If, as Turse reported, SOCOM has “grown in every conceivable way from funding and personnel to global reach and deployments” since 9/11, has its expansion resulted in significant success? In an October 2015 report for the Nation, Turse reported skepticism from a number of experts in response to this question. According to Sean Naylor, the author of Relentless Strike, a history of Joint Special Operations Command, JSOC operations are “a tool in the policymaker’s toolkit,” not a “substitute for strategy.” JSOC may have had an impact on the history of Iraq—where its forces captured Saddam Hussein, killed Uday and Qusay Hussein, and “eviscerated” Al Qaeda in Iraq—but, as Turse wrote, impacts are not the same as successes. Similarly, Andrew Bacevich, a Vietnam veteran and author of Breach of Trust: How Americans Failed Their Soldiers and Their Country, told Turse, “As far back as Vietnam … the United States military has tended to confuse inputs with outcomes. Effort, as measured by operations conducted, bomb tonnage dropped, or bodies counted, is taken as evidence of progress made. Today, tallying up the number of countries in which Special Operations forces are present repeats this error.”

Corporate media have not covered the massive expansion of Special Operations Forces around the globe, much less raised critical questions about whether these missions result in meaningful accomplishments. The increase that has taken place over the past five to ten years is not “breaking” news, and so it has gone all but completely unreported by the corporate press. Instead, the global presence of US military personnel is typically treated as the unspoken background for more dramatic reports of specific military operations or policy decisions. Thus, for example, in October 2015, Time magazine ran a graphic documenting “places with some of the most significant number” of US military personnel stationed “in over 150 countries across the world.” However, the Time map of the world featured just nine points—none of which were located in Africa—and the entire graphic ran as a sidebar to the primary story, about President Obama’s announcement to maintain the current number of troops in Afghanistan through most of 2016, which reversed his earlier plan to withdraw most military personnel by the end of his presidency.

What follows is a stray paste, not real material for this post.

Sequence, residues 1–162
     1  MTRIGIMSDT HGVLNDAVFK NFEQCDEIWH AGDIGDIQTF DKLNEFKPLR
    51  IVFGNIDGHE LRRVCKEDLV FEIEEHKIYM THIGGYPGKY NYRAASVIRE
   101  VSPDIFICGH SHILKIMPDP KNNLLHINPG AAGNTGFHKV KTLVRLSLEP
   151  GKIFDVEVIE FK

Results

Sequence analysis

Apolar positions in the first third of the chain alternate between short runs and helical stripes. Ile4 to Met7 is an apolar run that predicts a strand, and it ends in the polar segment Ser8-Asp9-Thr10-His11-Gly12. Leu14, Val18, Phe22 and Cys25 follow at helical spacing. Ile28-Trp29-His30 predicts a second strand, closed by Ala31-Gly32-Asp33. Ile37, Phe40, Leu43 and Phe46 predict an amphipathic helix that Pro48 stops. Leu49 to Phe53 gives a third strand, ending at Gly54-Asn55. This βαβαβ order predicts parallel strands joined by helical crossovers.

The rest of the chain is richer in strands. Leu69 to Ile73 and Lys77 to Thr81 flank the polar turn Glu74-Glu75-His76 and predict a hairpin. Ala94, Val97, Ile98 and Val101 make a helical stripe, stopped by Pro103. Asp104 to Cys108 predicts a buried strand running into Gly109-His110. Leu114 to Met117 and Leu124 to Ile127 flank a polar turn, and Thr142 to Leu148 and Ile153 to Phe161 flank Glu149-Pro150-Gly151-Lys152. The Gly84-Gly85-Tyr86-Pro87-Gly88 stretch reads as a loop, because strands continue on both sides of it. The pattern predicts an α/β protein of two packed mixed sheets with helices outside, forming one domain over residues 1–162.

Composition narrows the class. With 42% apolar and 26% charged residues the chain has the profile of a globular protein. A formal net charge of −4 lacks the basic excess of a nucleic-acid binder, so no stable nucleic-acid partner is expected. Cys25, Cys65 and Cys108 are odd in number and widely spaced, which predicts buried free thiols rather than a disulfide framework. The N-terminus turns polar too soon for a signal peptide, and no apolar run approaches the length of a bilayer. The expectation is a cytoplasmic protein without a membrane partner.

Nick Turse, “A Secret War in 135 Countries,” TomDispatch, September 24, 2015, http://www.tomdispatch.com/blog/176048/.